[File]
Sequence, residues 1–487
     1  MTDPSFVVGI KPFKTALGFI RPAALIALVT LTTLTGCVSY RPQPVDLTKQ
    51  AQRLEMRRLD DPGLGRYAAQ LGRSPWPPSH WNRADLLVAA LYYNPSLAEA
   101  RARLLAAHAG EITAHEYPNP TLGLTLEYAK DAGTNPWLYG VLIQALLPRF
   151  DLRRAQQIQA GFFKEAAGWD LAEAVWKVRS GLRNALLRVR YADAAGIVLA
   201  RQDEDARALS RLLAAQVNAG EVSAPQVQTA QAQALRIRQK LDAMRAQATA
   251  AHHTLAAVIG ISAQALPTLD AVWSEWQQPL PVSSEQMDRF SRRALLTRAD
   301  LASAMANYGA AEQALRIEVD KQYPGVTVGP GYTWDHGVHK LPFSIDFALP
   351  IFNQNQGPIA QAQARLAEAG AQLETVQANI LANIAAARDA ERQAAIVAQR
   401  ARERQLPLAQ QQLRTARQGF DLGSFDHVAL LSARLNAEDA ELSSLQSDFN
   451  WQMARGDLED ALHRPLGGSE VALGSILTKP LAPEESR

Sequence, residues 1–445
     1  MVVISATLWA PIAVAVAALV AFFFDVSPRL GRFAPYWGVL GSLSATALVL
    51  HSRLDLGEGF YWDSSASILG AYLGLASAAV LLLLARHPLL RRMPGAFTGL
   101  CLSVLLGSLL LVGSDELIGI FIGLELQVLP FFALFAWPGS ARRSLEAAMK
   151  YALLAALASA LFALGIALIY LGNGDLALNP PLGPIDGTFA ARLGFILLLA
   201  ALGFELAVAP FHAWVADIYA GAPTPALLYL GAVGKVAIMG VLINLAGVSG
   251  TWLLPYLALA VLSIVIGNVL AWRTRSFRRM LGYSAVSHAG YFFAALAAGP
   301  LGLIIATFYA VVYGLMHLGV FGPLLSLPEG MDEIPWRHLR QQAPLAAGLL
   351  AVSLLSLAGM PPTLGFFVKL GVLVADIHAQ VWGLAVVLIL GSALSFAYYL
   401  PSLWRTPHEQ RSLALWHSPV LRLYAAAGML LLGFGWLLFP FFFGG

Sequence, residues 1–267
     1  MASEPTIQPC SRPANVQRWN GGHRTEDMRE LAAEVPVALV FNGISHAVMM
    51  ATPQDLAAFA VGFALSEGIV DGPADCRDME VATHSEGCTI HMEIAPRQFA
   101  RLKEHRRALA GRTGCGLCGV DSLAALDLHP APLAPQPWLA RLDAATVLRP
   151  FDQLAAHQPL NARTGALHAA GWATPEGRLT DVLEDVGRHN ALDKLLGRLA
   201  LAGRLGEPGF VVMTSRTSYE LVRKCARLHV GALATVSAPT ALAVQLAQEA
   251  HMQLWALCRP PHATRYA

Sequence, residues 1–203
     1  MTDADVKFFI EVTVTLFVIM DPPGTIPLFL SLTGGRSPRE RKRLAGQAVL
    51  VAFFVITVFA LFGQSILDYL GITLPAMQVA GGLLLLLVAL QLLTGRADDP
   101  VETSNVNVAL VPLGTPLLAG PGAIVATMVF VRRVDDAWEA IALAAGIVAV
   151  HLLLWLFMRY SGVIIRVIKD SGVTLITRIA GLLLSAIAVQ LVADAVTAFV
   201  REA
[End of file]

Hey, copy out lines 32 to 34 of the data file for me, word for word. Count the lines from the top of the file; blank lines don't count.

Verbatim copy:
   101  VETSNVNVAL VPLGTPLLAG PGAIVATMVF VRRVDDAWEA IALAAGIVAV
   151  HLLLWLFMRY SGVIIRVIKD SGVTLITRIA GLLLSAIAVQ LVADAVTAFV
   201  REA